Australasian Science: Australia's authority on science since 1938

Can Journal Publishing Be Democratised?

By Abdulrahman Al Lily

An experiment in academic publishing has tested journal practices and questioned whether the autocratic power of editorial boards needs to be returned to researchers.

The full text of this article can be purchased from Informit.

Academic intelligence is socially distributed, spread throughout the minds of academics of all nations, races and ages. Yet the dissemination of knowledge generated by academics is entrusted to a powerful few – the editors and editorial boards of academic journals.

The current publishing system places a considerable amount of power in the hands of editors, many of whom have presided over their journals for so long that they have developed, in effect, a monopoly over ideas in their field of expertise. In accepting or rejecting manuscripts submitted to their journals, these editorial autocrats act as gatekeepers that decide which ideas will be shared and which will be shunned.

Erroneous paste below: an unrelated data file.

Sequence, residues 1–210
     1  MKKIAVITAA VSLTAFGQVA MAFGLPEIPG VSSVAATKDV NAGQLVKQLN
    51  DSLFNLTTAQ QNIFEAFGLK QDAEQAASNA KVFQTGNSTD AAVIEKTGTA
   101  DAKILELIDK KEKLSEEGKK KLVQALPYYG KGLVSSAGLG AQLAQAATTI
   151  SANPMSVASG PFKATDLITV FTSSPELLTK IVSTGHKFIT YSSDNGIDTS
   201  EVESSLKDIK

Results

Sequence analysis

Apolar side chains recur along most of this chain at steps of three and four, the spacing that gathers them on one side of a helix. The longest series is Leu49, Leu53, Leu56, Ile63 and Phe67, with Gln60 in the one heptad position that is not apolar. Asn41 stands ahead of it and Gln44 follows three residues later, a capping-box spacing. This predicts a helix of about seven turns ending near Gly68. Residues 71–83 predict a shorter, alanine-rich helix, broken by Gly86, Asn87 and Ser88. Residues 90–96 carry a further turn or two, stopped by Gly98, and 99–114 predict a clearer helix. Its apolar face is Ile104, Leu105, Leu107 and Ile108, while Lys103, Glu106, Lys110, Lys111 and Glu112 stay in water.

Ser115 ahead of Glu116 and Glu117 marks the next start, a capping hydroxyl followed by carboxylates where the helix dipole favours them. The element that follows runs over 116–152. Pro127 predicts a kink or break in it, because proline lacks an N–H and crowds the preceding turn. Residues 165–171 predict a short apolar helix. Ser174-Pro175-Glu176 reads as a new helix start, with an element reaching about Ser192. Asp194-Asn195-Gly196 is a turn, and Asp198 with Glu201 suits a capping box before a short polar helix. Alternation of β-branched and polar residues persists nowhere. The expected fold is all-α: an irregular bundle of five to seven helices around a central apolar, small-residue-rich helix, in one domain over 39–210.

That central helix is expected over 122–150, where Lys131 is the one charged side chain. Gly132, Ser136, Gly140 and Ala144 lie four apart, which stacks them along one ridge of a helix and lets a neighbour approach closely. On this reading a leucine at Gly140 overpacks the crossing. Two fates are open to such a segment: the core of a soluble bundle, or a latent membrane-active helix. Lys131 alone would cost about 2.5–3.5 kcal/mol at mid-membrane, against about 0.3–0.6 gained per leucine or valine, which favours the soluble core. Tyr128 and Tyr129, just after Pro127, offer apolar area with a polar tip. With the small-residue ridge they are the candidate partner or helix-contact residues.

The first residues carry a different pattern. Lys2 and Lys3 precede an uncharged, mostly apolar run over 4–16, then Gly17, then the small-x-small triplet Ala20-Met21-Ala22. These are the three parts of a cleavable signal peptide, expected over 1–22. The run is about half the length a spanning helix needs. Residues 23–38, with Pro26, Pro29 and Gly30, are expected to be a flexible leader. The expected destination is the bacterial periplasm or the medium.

Some academic journals do not allow authors to question and appeal the rejection of their manuscripts by editors and peer reviewers. Some editors will even reject manuscripts without consulting peer reviewers.

These practices encouraged me to undertake an experiment that sought to:

  • democratise authorship by inviting a large number of authors to compose and submit a paper for publication in an academic journal; and
  • democratise publishing by encouraging the authors and readers of a particular journal to elect its editor and constitute its policies.

I began by emailing invitations to academics from all over the world, encouraging them to come...

The full text of this article can be purchased from Informit.